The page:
Three tidal turbines in interaction: An experimental study of turbulence intensity effects on wakes and turbine performance
|Author(s)||Gaurier Benoit1, Carlier Clement1, 2, Germain Gregory1, Pinon Grégory2, Rivoalen Elie2, 3|
|Affiliation(s)||1 : IFREMER, Marine Structures Laboratory, 150 Quai Gambetta, 62 200, Boulogne-sur-mer, France
2 : Laboratoire Ondes et Milieux Complexes, Normandie Univ, UNIHAVRE, CNRS, LOMC, 76 600, Le Havre, France
3 : Laboratoire de Mécanique de Normandie, Normandie Univ, INSA Rouen, LMN, 76 000, Rouen, France
|Source||Renewable Energy (0960-1481) (Elsevier BV), 2020-04 , Vol. 148 , P. 1150-1164|
|WOS© Times Cited||27|
|Keyword(s)||Marine current turbine, Performance, Wake, Turbulence, Array interaction, Experiment|
The development of marine current turbine arrays depends on the understanding of the interaction effects that exist between turbines in close proximity. Moreover, the ambient turbulence intensity also plays a major role in the behaviour of tidal turbines. Thus it is necessary to take ambient turbulence into account when studying interaction effects between several turbines. In order to highlight these interaction effects, experiments have been carried out in the IFREMER flume tank. These experiments focus on interactions between three horizontal axis turbines. This paper presents the experimental results obtained for three configurations with two ambient turbulence intensity rates.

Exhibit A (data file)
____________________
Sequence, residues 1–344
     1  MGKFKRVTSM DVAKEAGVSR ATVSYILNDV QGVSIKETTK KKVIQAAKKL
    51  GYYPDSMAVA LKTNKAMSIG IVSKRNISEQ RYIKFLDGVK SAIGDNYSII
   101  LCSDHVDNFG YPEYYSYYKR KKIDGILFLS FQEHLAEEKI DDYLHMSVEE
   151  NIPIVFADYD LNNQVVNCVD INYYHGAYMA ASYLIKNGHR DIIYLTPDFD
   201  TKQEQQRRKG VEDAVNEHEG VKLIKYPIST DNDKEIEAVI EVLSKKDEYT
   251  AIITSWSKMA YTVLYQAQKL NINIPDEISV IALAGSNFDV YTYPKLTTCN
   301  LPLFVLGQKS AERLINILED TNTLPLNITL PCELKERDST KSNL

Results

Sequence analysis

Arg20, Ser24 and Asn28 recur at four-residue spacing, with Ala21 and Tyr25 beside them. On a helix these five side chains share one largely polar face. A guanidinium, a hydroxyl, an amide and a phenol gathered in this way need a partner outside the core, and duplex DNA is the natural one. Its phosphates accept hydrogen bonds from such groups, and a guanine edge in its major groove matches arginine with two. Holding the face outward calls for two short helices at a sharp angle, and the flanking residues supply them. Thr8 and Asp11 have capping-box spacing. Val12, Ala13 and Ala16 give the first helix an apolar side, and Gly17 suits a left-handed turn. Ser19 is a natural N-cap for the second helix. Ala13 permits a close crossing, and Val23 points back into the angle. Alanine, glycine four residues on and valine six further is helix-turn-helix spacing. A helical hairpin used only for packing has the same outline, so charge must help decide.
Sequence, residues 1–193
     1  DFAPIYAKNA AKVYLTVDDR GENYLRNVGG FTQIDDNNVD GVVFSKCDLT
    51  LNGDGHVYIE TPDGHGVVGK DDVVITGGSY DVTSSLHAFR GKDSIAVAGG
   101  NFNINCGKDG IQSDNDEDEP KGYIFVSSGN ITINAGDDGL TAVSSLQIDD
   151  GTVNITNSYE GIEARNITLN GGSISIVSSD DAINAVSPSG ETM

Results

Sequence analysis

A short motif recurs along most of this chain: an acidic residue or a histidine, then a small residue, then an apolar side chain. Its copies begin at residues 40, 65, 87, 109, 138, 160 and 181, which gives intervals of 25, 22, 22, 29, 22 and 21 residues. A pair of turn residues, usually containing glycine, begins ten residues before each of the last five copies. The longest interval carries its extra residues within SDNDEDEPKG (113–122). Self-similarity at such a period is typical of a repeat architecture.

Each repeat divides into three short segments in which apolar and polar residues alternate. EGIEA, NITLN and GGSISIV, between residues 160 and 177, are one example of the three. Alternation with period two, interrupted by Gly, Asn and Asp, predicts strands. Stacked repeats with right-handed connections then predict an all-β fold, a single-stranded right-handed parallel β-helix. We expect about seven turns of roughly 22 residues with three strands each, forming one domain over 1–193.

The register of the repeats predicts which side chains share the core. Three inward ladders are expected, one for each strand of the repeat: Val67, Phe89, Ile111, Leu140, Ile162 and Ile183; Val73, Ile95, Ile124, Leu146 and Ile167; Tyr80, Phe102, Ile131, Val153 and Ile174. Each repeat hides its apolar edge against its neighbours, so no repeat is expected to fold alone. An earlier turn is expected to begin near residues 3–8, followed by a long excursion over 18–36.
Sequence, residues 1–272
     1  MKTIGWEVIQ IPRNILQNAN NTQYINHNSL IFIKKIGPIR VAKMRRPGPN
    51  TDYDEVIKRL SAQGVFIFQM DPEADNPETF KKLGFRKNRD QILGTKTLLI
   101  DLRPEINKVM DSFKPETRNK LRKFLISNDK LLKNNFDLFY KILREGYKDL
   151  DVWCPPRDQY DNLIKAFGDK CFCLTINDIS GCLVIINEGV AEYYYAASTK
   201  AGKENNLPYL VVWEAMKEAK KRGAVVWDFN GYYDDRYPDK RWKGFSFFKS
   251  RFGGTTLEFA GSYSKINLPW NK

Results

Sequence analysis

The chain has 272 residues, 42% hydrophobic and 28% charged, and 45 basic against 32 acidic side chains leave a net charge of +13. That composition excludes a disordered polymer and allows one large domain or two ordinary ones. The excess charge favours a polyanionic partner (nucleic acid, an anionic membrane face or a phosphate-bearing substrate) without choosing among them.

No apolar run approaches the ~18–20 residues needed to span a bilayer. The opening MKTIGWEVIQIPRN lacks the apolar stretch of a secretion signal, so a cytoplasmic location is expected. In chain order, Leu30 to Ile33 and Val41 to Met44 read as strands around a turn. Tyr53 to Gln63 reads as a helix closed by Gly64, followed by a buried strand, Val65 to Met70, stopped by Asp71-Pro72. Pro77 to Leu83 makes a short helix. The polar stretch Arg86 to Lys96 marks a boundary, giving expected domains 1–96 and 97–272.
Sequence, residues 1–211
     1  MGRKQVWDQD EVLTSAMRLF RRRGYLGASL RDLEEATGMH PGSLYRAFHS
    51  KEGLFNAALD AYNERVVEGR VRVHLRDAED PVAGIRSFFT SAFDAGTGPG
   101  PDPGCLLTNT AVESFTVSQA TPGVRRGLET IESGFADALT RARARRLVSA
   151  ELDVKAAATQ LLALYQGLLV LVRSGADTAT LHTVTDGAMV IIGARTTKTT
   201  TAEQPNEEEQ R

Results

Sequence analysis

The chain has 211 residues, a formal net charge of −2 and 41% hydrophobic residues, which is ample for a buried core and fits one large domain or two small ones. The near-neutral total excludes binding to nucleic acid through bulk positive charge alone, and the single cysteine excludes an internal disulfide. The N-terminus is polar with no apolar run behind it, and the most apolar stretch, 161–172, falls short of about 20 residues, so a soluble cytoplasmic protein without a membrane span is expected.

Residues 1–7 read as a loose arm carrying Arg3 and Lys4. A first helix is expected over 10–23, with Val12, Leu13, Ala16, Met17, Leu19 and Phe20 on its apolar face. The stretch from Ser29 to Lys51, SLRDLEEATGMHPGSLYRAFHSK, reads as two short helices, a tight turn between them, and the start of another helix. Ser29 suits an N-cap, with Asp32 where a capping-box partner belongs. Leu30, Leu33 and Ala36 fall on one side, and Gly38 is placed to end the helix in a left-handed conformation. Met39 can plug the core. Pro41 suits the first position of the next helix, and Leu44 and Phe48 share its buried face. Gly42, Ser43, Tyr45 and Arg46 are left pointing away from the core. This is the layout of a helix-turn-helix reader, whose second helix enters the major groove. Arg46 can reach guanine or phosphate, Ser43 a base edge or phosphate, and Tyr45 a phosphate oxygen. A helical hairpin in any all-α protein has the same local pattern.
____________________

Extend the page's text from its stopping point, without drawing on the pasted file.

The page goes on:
The results are presented in terms of turbine wakes and performance. The wake characterisation presents complex features for the three configurations and the lowest ambient turbulence rate: upstream turbines wakes are still present at the location of the downstream turbine and their wakes can interact or merge, depending on the tested configurations. On the contrary, for the highest turbulence rate, the downstream turbine wake is not affected in his shape by the two upstream ones which are not visible any more. In fact, as already observed in the previous studies of Mycek et al. [1, 2], the wake shape rapidly spreads out in the stream-wise direction behind the turbines. However, the velocity deficit and the turbulence intensity are higher for the downstream turbine comparing to the upstream ones. In terms of performance, one tested case presents an increase of the downstream turbine power production: when this turbine is exactly in the centre of the two upstream turbines and for the lowest turbulence rate only. A small misalignment of the layout axis with respect to the tidal current may result in a decrease of performance at the end. An analysis of the power spectral density functions of the downstream turbine torque and thrust shows that no signature of the upstream turbines can be found in these answers. Furthermore, the same spectral analysis carried out on the velocity measurements shows no signature of the upstream turbines either, from 3 diameters distance. This result is noticeable for the highest and the lowest tested turbulence cases and whatever the turbines configuration is.